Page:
Hudson Passive House, in New York’s Columbia County, though only recently completed, is already familiar to Passive House fans in the region.
Last month, for example, the 1,650-sq.-ft. timber-frame home played host to 20-plus members of New York Passive House (NYPH), a New York City-based group of “Passivists” (consultants, contractors, architects, engineers, homeowners, developers, and others) who caravanned two hours north of the city to the project site in Claverack, a scenic town a few miles east of the Hudson River. Joined by several people from the community, the NYPH contingent participated in what the project’s architect, Dennis Wedlick, and other project partners called the Hudson Passive House Hard-Hat Tour, a show-and-tell event held November 13 and 14.
The three-bedroom, two-bath house also has been the subject of an American Institute of Architects/NYPH presentation, a segment on WABC-TV’s Sunday-morning feature program “New York Viewpoint,” and write-ups in print and online publications, including a recent EcoHome post that brought it to our attention.
A well-sealed envelope
So as new as it is to the landscape, the barn-like Hudson Passive House, whose 25-ft. bow-arch beams were raised in late June, has been successfully marketed into modest celebrity. Structural insulated panels were used for the walls and roof, bringing their respective R values to 48 and 54. The foundation floor is insulated to R-60 with six layers of expanded polystyrene and, on the interior and exterior of the foundation walls, extruded polystyrene.
Mechanical ventilation is provided by a Zehnder ComfoAir 200 heat-recovery ventilator, while space heating is provided by a minisplit air-source heat pump that is mounted in the wall of the loft space at the north end of the building.
The building is exceptionally airtight, even by Passive House standards. A blower-door test showed 0.149 air changes per hour at a pressure difference of 50 Pascals. Wedlick told EcoHome that construction costs likely will range from $200 to $250 per sq. ft. ($330,000 to $412,000).
The NYPH organizers apparently liked what they saw and, in a blog post about their visit in November, suggested they might make another trip to the house in the dead of winter “so we can actually experience the PH really ‘working.’”
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I would expect that the fully glazed south wall would require exterior shading in addition to the overhang to avoid overheating. Can anyone comment on this aspect? Also I'd be interested to know what windows were used.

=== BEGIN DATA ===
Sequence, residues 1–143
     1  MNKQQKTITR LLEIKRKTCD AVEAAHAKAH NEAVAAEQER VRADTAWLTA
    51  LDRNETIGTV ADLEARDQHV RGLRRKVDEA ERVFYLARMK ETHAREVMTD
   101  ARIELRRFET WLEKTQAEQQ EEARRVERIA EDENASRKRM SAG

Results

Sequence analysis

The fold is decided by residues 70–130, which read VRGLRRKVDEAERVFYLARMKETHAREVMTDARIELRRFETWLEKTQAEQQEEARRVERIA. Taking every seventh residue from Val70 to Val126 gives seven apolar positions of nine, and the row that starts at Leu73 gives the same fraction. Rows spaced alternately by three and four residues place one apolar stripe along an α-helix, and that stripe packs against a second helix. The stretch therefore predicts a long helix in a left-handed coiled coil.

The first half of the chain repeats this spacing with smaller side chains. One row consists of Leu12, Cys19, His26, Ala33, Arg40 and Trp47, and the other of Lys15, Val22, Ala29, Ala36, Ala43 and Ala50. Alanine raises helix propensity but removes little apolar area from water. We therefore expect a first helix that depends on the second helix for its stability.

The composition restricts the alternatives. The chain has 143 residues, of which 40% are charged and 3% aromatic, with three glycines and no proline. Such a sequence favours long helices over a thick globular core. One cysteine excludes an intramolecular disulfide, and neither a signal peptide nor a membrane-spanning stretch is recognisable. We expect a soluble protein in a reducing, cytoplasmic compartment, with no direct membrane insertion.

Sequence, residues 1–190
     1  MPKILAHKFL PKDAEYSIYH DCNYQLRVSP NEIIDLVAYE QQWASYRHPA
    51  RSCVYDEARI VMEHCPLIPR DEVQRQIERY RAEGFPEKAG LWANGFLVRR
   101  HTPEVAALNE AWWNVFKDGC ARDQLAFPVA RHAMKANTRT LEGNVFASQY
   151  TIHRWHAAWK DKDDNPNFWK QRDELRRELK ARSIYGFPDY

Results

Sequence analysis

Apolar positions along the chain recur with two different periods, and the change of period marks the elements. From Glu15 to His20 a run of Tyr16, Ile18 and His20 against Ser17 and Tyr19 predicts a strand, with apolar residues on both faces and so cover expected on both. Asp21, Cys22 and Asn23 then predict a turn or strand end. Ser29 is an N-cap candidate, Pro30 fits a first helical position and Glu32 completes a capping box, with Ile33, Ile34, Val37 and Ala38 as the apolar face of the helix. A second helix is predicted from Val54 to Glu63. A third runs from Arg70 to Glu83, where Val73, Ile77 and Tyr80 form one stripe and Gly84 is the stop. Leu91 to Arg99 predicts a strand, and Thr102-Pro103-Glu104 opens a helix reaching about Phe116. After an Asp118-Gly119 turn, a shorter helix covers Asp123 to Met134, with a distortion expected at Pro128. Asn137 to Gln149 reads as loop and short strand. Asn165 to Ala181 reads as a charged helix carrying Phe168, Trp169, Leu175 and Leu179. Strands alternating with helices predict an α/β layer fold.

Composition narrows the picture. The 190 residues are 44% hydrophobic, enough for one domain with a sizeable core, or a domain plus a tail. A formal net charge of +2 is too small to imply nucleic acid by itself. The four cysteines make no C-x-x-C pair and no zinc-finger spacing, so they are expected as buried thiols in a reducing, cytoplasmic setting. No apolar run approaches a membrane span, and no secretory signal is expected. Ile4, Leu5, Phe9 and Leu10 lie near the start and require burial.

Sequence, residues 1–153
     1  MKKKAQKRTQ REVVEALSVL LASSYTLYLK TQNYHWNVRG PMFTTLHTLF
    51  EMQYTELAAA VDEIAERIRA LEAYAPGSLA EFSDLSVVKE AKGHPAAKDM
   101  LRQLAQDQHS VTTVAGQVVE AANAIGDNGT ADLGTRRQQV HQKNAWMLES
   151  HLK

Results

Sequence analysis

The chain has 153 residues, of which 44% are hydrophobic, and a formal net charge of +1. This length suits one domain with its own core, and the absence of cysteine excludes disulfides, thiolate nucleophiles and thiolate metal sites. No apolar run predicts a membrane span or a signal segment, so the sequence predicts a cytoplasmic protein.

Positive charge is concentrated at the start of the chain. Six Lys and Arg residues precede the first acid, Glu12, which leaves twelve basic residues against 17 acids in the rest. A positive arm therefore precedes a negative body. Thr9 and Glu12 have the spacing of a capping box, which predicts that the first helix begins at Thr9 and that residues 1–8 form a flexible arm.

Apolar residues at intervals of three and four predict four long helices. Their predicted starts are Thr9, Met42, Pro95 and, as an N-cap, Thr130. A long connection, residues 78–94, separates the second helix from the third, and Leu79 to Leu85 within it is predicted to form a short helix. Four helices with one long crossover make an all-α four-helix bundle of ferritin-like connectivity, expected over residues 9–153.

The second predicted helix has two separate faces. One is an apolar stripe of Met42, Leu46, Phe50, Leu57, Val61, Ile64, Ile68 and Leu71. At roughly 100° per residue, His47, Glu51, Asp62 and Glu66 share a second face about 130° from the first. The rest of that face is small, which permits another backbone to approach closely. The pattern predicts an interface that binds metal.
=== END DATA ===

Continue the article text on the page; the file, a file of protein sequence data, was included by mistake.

Response to J Chesnut
It looks like the house has windows from Serious Energy:
That might explain the south facade -- most of the low-U-factor windows from Serious are also low-SHGC.
More on project details
NYPH's coverage of Hudson Passive House also includes a copy of the project data sheet:
Thanks for the responses. This is the glazing spec from their PH factsheet:
I can't find the terminology "g-Wert" in my PHPP manual but I am assuming this is the SHGC number.
51% is pretty high.
g-wert (gesamtenergiedurchlassgrad) is the german equivalent of SHGC.
Response to J Chesnut
Remember that the g-Wert will be a glazing-only number, not a whole-window number.
The Serious Materials spec sheet for their 725 window series shows that their 725 casement windows can be ordered with two glazing options. One has a SHGC of 0.21, and the other has a SHGC of 0.39.
J Chesnut's comment about summer shading
My thoughts exactly when I first saw the photo.
I don't think the shape of this house lends itself to 4 season solar management.
Whether the windows "work" or the solar is "managed" is all determined in the PHPP, the computer modeling tool developed by the Passive House Institute - and an essential element in producing a successful Passive House project. If the specs work out in the PHPP modeling, AND the building is actually constructed accordingly, then the chances of the windows "working" and the solar being "managed" in the 4 seasons is very high indeed.
Intuitively large south facing glass with some overhang and almost no east/west glass, sounds like a very logical place to start. With the rest of the PH methodology of continuous insulation, elimination of thermal bridging, air-tightness and continuous low volume ventilation with high efficiency heat recovery - it seems like it should be "easy" to achieve great interior comfort and the deep energy savings that characterizes Passive House.
Also, just to note - NYPH is an affiliated chapter of the National Passive House Alliance. And on a personal note, I'm on the board of both.
Have you seen the comments from this blog
PHPP has a tag that shows whether your building is overheating in summer, and various methods to mitigate the overheating, including shading outside the thermal envelope, night ventilation, etc.
also to note, contrary to standard thinking, you can achieve PH with a sizeable portion of north glazing.
Thanks for the link - I'll ask Katrin about it - and the PHPP inputs. Shading is an important input in the PHPP. As Mike notes the PHPP shows pretty clearly if you have an overheating problem - but you do need to be very careful, as Feist noted. Still, with the PHPP one has much more control and a better sense of how the building should perform.
Hopefully many of these early projects - and many more going forward - are going to get wired for data collection. We want the data on how these buildings are performing - what is working and what isn't.
PHPP is fantastic
mike & Ken,
thank you both for the feedback.
I am a big fan of Passivhaus, Passive House &PHPP
I hope to be working with a consultant in the near future.
This news blog will be moving down the que soon
If anyone cares to discuss summer shading or this project further
here is a link to the Q&A section
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